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Amar Ujala calls CAB big BJP win, Bhaskar says opposition’s argument against it ‘fallacious’

A round-up of the Hindi newspapers opinion pages to reflect the viewpoint on topical issues from the heartland.

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Hindi

10 December, 2019: Dainik Jagran says that besides the Congress and other opposition parties, even some intellectuals are busy trying to prove that the Citizenship Amendment Bill (CAB) is against the Constitution.

With this bill, India is going to decide who from Bangladesh, Pakistan and Afghanistan will get Indian citizenship. It needs to be clear that this bill is not to give citizenship to people from across the globe. The opposition to it is that the bill discriminates in the name of religion. But it’s a fallacy because this bill keeps out even Tamil Hindus of Sri Lanka out of its purview.

Amar Ujala talks of Karnataka Chief Minister B.S. Yediyurappa’s big win in the bypolls. Of the 15 seats that went to the polls, the BJP managed to wrest 12 and this has strengthened Yediyurappa.

11 December: Dainik Jagran calls the misinformation being spread in the name of Citizenship Amendment Bill a “Shararat bhara dushprachar”. The paper says it’s the height of shamelessness for Pakistan Prime Minister Imran Khan to object to it when he leads a country notorious for ill-treating minorities because of their religion. Khan’s comment is not just interference in the internal matters of India, but also an effort to misled people, Jagran says.

Union Home Minister Amit Shah has time and again clarified that the bill has nothing to do with Muslims living in India, still, the misinformation continues. The paper also says that it was good that India gave a quick and firm response to the US Commission’s remarks on the citizenship bill. The Commission’s remarks were not just unnecessary but also lacked knowledge.

12 December: Dainik Jagran says the violence in the Northeast after the passage of the citizenship bill shows what can happen when misinformation is spread as most areas in the region are outside the purview of CAB. It says that not just political parties, but even some so-called intellectuals have been indulging in fear-mongering.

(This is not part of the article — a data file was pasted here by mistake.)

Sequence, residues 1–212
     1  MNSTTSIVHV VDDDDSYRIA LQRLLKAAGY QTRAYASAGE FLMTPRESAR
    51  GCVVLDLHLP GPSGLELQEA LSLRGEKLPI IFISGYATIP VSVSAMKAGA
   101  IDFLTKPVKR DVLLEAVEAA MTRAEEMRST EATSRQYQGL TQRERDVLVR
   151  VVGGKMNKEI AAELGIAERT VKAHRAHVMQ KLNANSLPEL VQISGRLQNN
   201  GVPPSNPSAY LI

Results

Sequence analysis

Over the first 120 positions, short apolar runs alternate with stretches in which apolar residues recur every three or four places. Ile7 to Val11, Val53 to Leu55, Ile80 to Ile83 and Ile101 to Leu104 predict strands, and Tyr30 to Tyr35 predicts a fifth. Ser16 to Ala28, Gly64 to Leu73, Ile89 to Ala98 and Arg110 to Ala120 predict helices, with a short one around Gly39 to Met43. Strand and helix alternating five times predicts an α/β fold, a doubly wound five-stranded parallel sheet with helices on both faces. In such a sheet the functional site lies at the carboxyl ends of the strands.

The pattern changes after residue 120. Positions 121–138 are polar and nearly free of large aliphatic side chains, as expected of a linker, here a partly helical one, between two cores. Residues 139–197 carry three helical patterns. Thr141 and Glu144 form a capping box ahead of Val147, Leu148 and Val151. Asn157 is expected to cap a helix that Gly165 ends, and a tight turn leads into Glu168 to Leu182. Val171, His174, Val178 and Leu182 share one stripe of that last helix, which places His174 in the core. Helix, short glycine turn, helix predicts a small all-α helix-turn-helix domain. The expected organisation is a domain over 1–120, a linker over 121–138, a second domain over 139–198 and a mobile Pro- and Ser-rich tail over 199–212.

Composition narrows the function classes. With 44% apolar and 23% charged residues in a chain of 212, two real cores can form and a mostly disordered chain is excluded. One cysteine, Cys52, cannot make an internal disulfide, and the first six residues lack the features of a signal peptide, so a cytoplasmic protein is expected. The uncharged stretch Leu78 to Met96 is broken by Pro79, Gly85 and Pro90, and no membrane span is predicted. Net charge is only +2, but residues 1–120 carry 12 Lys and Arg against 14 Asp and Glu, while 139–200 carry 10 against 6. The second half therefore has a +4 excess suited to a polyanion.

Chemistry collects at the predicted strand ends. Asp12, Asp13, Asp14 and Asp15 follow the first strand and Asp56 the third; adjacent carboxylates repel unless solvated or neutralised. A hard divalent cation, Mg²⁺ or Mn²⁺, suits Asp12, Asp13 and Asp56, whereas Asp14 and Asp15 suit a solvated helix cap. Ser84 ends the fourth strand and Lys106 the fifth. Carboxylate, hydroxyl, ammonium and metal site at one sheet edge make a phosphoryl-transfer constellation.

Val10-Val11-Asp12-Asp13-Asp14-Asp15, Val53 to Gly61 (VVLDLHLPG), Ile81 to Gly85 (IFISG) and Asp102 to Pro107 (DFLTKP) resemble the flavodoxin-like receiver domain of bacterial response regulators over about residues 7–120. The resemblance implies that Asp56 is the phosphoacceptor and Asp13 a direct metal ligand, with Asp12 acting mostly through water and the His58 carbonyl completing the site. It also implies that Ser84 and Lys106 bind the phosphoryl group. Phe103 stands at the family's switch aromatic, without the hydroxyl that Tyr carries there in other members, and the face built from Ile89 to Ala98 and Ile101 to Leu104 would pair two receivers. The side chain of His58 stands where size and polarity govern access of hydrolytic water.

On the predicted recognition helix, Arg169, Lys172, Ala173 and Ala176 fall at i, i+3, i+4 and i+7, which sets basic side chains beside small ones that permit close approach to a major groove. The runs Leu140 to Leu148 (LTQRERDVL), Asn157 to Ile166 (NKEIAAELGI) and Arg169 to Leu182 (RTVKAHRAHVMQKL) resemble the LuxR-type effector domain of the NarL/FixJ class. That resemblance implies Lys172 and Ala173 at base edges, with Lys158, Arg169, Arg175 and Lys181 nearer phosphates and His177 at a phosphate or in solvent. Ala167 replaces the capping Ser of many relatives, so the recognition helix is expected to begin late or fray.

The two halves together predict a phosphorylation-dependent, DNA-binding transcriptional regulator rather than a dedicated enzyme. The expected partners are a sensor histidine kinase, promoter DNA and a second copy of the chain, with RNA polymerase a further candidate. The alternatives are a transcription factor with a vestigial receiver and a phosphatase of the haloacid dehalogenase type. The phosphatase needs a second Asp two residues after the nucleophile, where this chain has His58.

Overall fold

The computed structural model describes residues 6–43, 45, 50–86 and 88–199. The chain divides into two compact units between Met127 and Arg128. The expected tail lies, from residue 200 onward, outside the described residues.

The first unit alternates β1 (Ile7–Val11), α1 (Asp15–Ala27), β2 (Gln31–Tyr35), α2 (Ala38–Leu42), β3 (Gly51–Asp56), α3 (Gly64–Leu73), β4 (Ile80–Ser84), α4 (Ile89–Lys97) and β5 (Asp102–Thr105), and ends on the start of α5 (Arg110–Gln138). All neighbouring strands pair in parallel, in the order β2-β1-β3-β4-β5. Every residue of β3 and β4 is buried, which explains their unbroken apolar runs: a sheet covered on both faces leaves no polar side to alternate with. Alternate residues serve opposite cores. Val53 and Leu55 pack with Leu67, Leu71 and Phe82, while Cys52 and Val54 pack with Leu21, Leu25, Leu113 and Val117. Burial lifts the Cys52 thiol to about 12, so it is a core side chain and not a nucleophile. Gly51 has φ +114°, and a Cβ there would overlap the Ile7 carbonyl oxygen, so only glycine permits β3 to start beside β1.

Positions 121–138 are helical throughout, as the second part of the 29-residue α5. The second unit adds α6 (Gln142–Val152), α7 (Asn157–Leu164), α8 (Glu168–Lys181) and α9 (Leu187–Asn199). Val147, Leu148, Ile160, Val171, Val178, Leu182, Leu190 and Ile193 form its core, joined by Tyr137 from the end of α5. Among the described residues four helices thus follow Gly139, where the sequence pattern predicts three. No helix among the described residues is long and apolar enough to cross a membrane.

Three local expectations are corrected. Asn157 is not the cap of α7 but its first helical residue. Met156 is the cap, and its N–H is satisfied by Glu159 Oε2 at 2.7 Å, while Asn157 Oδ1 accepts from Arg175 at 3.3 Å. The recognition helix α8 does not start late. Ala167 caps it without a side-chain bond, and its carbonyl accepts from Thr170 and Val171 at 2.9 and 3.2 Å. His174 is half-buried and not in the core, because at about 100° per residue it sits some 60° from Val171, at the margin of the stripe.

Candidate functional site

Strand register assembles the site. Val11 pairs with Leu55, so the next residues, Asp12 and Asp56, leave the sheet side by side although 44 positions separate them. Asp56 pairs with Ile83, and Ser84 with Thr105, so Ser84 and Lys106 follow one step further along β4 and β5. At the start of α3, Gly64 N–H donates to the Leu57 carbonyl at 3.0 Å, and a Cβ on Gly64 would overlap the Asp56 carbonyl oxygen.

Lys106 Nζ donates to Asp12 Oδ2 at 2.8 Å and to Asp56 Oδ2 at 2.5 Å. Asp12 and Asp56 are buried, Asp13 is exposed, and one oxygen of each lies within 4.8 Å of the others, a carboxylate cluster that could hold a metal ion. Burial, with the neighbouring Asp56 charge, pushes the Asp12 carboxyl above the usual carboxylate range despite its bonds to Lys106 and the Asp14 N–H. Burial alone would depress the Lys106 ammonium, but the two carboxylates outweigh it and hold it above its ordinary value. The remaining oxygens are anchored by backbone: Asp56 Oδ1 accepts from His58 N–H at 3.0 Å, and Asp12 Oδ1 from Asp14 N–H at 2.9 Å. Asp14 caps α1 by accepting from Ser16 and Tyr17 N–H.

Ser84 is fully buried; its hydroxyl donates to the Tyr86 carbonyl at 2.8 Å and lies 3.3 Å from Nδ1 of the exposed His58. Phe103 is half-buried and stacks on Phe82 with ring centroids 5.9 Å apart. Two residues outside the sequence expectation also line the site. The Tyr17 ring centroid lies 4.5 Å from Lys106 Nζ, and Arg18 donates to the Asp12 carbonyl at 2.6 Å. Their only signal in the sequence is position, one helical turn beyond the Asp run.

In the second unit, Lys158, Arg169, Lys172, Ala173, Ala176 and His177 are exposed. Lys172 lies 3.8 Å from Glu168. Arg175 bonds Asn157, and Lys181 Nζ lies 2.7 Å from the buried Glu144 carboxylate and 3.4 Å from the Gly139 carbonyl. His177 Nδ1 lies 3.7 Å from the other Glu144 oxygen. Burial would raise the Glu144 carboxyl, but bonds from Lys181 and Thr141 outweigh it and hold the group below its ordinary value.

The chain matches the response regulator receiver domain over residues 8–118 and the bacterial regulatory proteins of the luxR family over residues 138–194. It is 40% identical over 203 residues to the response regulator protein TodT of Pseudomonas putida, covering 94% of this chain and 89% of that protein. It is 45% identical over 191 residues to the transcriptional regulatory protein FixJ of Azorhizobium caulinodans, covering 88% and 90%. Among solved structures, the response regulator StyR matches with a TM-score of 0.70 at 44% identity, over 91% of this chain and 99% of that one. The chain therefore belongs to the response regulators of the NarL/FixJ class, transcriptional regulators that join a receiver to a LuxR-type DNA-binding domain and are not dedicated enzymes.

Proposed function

The government will have to take steps to curb this disinformation, Jagran says.

Amar Ujala calls the passage of this bill a big political win. It says the Narendra Modi government has shown that it doesn’t shy away from making big decisions and it is ready to face all tests — from protests in the Northeast to a challenge to its bill in the Supreme Court.

13 December: Amar Ujala talks of the clean chit given by the Nanavati Commission to the Gujarat government in the 2002 riots case. Prime Minister Narendra Modi, who was the Gujarat CM in 2002, and some of his ministers were accused of fomenting riots after the Godhra train burning incident. The commission, however, found no evidence of involvement of Modi or his ministers.

The panel has, however, questioned the role of some police officers in the riots. A big lesson from that report is the need for the police to be more professional and responsible.

Dainik Bhaskar asks why there is so much fear over the citizenship bill. It says that after hearing the stories of persecution of Hindus in neighbouring countries, which Indian would not want to help them? This persecution is on the basis of their religion and the government has no option but to give them shelter and citizenship, it adds.

The opposition’s argument that leaving out Muslims from CAB’s ambit is an attack on secular credentials of the Constitution is fallacious, the paper says.

Dainik Jagran calls the review petitions on Ayodhya meaningless — “nirarthak yachikaye”. And by dismissing them the Supreme Court has punctured the effort of some parties to keep the Ayodhya issue alive due to their narrow personal or political gains. Those who filed the review petitions were not even the main respondents, says Jagran.

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